“Labor’s been beating the drum that these trade deals are bad, so here comes Trump saying the same thing, which made it really hard for us,” Hefner said. “He stole our playbook.”
Brown’s alliance with Trump on the issue can only help him with such voters, Hefner said. He said he had spoken with several union members who cast their ballots for Trump in 2016 but intended to support Brown’s reelection.
“I don’t imagine he and Donald Trump are going to go out and have a beer anytime soon, but on trade and jobs, Donald Trump talks the talk. We’ll see if he walks the walk,” Hefner said. “If he does what he says he’s going to do on these trade issues, he’ll have an ally in Senator Brown.”
Until Trump came along, free trade was a core GOP tenet and remains so for many GOP donors and Chamber of Commerce Republicans who typically help Republicans win elections. But given the steel industry’s strong history in the state, along with the emotional appeal of Trump’s “Buy America” refrains, support for his tariffs appears to stretch well beyond union halls, despite the potential economic downsides. When Trump visited the state last week to deliver a speech about infrastructure in Richfield, the crowd waiting for him included two women in pink hard hats holding signs that said “Thank You for Supporting American Steel” and “Our Steel Industry Thanks U.”
One of these women, Sherry Slocum, said she works at a local company called Belden-Hutter that helps manufacturers sell power-transmission products.
“I foresee good things” from the tariffs, said Slocum, a Republican who said she voted for Trump. But Slocum wasn’t ready to say who she would support in the Senate race, saying, “That one’s going to have to play itself out.”
Such voters may present an opportunity for Brown to peel away some Trump supporters based on their views on trade and his ability to present himself as the president’s ally on an issue so ingrained in the culture of the state. Brown has a long-established record on the issue and even wrote a book more than a decade ago called “Myths of Free Trade.”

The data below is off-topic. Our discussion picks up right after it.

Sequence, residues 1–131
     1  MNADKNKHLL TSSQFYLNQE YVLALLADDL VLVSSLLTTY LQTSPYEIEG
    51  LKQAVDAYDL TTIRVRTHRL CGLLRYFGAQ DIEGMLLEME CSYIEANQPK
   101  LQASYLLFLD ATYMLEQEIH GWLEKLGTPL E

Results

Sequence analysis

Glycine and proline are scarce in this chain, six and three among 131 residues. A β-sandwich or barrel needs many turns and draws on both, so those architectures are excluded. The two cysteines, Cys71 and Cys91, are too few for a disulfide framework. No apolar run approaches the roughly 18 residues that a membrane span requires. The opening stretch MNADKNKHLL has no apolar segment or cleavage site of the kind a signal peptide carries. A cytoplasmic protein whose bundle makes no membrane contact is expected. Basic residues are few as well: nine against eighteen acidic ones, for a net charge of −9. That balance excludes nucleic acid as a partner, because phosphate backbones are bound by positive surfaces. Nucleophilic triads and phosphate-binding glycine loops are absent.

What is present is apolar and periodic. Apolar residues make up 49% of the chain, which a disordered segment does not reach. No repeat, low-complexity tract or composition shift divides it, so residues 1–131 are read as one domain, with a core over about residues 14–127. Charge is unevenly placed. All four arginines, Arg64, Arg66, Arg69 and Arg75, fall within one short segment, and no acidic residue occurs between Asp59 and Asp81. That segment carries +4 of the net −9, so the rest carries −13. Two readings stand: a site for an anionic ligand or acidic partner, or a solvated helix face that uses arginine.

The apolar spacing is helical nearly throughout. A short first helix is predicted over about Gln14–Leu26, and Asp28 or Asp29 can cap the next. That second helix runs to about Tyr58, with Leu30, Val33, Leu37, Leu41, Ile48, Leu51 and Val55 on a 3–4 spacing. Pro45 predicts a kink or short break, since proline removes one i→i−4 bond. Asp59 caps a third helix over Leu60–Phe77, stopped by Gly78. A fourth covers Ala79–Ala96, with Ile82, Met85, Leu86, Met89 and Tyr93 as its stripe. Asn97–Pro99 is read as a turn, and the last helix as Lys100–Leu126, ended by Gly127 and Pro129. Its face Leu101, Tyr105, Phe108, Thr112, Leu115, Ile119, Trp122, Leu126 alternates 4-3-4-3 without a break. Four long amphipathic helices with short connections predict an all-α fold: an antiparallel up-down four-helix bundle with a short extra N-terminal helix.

He has partnered with Republicans on the issue, including work with Rob Portman, the state’s Republican senator, on legislation called the Leveling the Playing Field Act, which aimed to give businesses more recourse to challenge unfair foreign competition.
In an interview, Portman cited his joint work with Brown on the issue and said he wasn’t sure where Renacci stood.
“I don’t know what Renacci’s position’s going to be. I just don’t know. But as you know, Brown and I work together on this stuff,” Portman said, going on to advocate a “nuanced position” on tariffs.
“We need to have a level playing field and fair trade but that doesn’t mean that you want to slap on protectionist tariffs without, you know, a fair-trade reasoning behind it. It invites retaliation and causes big downstream costs to our consumers,” Portman said. “So I think there’s a balance here.”
Brown refused to speculate on the political ramifications of his views or the fact that a Republican president now holds positions he has long advocated.
“Believe it or not, I don’t care. . . . I don’t mind supporting or opposing presidents in either party on trade,” Brown said in an interview at the steelworkers hall in Akron.
On Trump’s tariffs, Brown said, “I can quarrel with how he did it, how he rolled it out, I can quarrel with he punished Canada initially more than China . . . but fundamentally it was the right thing to do” and will “be a net positive for the national economy.”
Renacci, a four-term House member and former accountant who founded a company that owned and operated nursing homes, has his own track record on trade, but his includes voting for the deals with Colombia and the one with Korea that Trump is now renegotiating.
“I’m someone who is a big supporter of the president and his agenda and the direction he’s taking. I do think we have some unfair trading partners with China, so I’m glad to see we’re doing some of the things we’re doing with China,” Renacci said. “I’m close, but in the end, I want to also talk with the constituents who are going to be most affected.”
Correction: A previous version of this story incorrectly described the products China has targeted for tariffs. The products include U.S. airplanes, not airplane parts.